NORFOLK, Va. – Jamie Jo Corne clings to General Lee as his battle wagon, a 74 Winnebago, struggling over the Rockies at three miles per hour, backing up traffic all the way to the grasslands, lapping against the snowcapped peaks.
“God Dammit I learned a lot of shit when I was investigating Anonymous. We can use it to our advantage,” Jamie Jo said. For a fleeting moment, life flashed through Jamie’s eyes. She was alive. Looming in the recesses though, her nine children and her ruined husband, Vincubus Dante. Sometimes big things were more important than family, like Matthew McConaughey in Interstellar.
General Lee pulled his dick out of Jamie’s ass and busted a hot one across her tramp stamp. “We gonna have a real revolution Tiger, stop up the traffic ’round DC. Jam the beltway. Boil the boomer hides! I’ve been everywhere, man. You rub a little more of that innernet magic on our social media game and I’ll fire up the CB. We’ll ride our horses up to the White House. We’ll start a new political party, start a Convoy!” The General paused, licking his lips. “Get out the meth hunny.”
A Rebel Outlaw
“I’m wanted in five states, Lee, and the only way I’m gettin’ out of it is by starting a goddamn revolution. Truckers are so left wing, nowadays. What’s up with that? This Tiger needs a man who don’t need viagra to fuck. Your whole revolution is limp. Ya didn’t even deliver a document to the capitol. I’m gonna do that one day, a-ridin’ on a horse with a dick that satisfies.”
“Tiger! Tiger! Come back baby, don’t! Come back!”
Tiger took one last long drag from Lee’s meth pipe and bounded from the camper, hesitating only for a moment, to glance at the moon before scampering off into the night.
The Revolution may had ended, but felt like it had only begun.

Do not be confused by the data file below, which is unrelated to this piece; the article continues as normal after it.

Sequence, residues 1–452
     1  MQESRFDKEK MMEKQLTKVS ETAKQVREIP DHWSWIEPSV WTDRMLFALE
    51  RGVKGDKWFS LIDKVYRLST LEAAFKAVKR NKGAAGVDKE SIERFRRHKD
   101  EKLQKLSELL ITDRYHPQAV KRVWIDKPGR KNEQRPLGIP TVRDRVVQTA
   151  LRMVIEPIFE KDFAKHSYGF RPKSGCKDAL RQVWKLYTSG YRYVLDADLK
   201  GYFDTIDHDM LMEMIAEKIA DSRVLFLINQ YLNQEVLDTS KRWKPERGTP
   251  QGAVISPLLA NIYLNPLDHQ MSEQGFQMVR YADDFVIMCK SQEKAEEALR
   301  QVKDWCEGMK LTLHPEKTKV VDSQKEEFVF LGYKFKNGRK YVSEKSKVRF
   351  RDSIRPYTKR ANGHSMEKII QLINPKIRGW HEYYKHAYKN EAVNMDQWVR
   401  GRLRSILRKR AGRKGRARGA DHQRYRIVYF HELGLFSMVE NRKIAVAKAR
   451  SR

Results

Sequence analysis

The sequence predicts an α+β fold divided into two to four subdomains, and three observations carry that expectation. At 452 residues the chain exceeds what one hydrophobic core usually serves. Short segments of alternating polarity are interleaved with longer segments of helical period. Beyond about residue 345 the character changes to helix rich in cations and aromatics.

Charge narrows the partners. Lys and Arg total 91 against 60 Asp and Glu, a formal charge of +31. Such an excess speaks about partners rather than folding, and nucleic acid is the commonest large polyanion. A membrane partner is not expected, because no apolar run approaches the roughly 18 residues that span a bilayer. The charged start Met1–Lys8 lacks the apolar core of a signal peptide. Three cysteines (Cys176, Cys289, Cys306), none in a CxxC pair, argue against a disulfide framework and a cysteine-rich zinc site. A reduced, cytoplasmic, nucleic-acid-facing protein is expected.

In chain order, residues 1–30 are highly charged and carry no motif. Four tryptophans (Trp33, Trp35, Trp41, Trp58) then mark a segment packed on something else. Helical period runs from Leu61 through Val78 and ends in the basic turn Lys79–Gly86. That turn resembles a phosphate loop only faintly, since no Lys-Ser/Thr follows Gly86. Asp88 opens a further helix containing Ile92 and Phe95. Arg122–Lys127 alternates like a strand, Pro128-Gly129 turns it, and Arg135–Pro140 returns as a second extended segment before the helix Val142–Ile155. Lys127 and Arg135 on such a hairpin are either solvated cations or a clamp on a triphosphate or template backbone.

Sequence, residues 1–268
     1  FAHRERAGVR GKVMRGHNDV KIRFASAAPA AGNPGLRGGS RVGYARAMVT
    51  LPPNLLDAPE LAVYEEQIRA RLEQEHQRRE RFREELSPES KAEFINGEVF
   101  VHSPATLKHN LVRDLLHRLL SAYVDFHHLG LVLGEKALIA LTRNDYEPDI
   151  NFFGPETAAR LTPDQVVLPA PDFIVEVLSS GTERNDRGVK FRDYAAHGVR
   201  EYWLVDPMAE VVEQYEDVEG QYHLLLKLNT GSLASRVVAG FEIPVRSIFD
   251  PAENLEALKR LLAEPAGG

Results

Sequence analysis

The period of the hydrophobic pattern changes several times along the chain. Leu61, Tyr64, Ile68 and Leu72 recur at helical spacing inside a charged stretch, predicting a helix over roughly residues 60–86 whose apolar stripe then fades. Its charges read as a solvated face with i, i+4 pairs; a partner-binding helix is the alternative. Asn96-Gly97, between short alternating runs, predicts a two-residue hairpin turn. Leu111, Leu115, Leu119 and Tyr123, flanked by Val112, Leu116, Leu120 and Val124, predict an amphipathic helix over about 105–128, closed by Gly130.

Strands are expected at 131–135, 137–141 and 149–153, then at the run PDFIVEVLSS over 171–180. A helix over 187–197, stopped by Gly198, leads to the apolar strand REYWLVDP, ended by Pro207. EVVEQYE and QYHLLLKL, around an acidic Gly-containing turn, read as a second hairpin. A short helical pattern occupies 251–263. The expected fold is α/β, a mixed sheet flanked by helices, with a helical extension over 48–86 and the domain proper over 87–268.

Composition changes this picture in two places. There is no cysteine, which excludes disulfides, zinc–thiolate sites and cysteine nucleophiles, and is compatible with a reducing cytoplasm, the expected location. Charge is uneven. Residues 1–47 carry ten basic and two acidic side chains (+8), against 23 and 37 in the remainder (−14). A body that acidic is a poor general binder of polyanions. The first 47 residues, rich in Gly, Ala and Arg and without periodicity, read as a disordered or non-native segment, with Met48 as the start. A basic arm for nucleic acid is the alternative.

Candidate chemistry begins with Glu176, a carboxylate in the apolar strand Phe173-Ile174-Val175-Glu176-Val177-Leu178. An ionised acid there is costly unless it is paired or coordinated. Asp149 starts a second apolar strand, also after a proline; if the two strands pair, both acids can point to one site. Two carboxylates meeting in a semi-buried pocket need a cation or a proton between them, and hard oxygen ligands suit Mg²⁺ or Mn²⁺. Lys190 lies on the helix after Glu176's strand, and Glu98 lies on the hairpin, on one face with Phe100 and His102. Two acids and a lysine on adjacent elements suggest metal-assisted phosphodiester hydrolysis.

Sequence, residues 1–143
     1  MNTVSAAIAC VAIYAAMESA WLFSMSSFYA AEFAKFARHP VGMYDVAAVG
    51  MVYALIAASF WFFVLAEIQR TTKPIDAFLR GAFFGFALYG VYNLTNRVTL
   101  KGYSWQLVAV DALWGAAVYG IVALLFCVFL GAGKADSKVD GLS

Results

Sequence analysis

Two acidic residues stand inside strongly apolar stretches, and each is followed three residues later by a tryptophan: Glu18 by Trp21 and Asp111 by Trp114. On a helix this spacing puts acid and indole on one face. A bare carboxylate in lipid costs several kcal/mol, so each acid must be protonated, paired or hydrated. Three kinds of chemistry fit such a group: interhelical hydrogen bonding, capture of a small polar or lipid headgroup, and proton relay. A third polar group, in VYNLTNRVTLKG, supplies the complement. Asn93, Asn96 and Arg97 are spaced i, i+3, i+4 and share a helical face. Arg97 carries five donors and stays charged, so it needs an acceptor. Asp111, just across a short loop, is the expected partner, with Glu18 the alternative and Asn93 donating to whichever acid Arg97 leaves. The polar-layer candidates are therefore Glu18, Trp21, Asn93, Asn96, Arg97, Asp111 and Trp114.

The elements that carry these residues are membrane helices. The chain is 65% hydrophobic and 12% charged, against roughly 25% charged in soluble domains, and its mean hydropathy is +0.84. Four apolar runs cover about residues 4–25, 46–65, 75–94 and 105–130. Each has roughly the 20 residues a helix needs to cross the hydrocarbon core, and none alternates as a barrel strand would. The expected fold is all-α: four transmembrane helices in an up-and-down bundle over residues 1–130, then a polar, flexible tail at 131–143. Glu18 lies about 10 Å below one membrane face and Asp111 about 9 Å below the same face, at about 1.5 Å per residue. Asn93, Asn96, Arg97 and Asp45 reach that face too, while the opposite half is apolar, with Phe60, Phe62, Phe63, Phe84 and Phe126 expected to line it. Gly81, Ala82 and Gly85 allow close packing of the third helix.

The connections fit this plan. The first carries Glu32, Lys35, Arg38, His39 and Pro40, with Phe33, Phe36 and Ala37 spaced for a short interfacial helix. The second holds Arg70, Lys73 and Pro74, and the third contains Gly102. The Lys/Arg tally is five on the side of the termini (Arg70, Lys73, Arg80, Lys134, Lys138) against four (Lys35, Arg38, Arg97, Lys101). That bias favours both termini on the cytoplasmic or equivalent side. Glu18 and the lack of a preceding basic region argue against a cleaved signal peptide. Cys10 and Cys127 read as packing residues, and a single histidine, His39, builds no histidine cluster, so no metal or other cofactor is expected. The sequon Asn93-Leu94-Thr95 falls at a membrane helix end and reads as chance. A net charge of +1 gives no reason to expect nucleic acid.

Her phone buzzed all night. Strange men from around the nation were sending in car payments, text messages begging for hot, dirty sex. The revolution was just dodging the inevitable decades in prison awaiting her, and better to settle in and train dogs, than to eat another shit sandwich and smile for a mugshot. Hacking and trucking had nothing at all, but the dog scamming scene at least had that money. Stealing trained malamutes and huskies was pure profit.
But that, too, was a lie and Jamie wasn’t about to con herself. Those days with Presstorm sure were glamorous. And the power she’d had with Anonymous was beyond anything she ever felt running with truckers. Jamie imagined thousands of Huskies, all following her command, dragging a sled with a giant cannon like Hitler had. One shot and she’d take out DC. Another two shots and she’d blast them yuppies in New York City. Then she’d whip them dogs and get off to LA and maybe she’d let the dogs have them instead of the cannon — if — they gave her a kind welcome.
Maybe, she thought. Maybe she’d have child support.
The former Presstorm matriarch now injects a motherload of meth, monitoring all hate sites for news and updates on what the public and the law might know about her. From behind a pair of sunglasses at a public library in Cuthbert, Ga., she watches the Internet, fidgeting. She watches the Chronicle. Under her breath, she utters remarks – more guttural anguish than language – and she is bitter.
The money’s dried up. All the drugs, internet, and revolutions have aged her. She can’t draw even the oldest, ugliest men at the bar. She used to snare fresh cock with online dating sites, but the hope of tomorrow’s sugar-daddy evaporates now with each click, typin’ her different names again and again, cycling through social media sites and rubbin’ her shrinking clit. Sometimes she can’t even find it. Almost inaudibly she hisses, “Obama’s gonna put you in jail.”
Though her future is uncertain, there is at least one thing Jamie knows: She’s seen more sunsets now than she’s going to see.
Rebel on the Run: The Life and Trials of Anonymous Dogstar Jamie Jo Corne is part 1 in a multi-part series of biopics called Project Persona Management.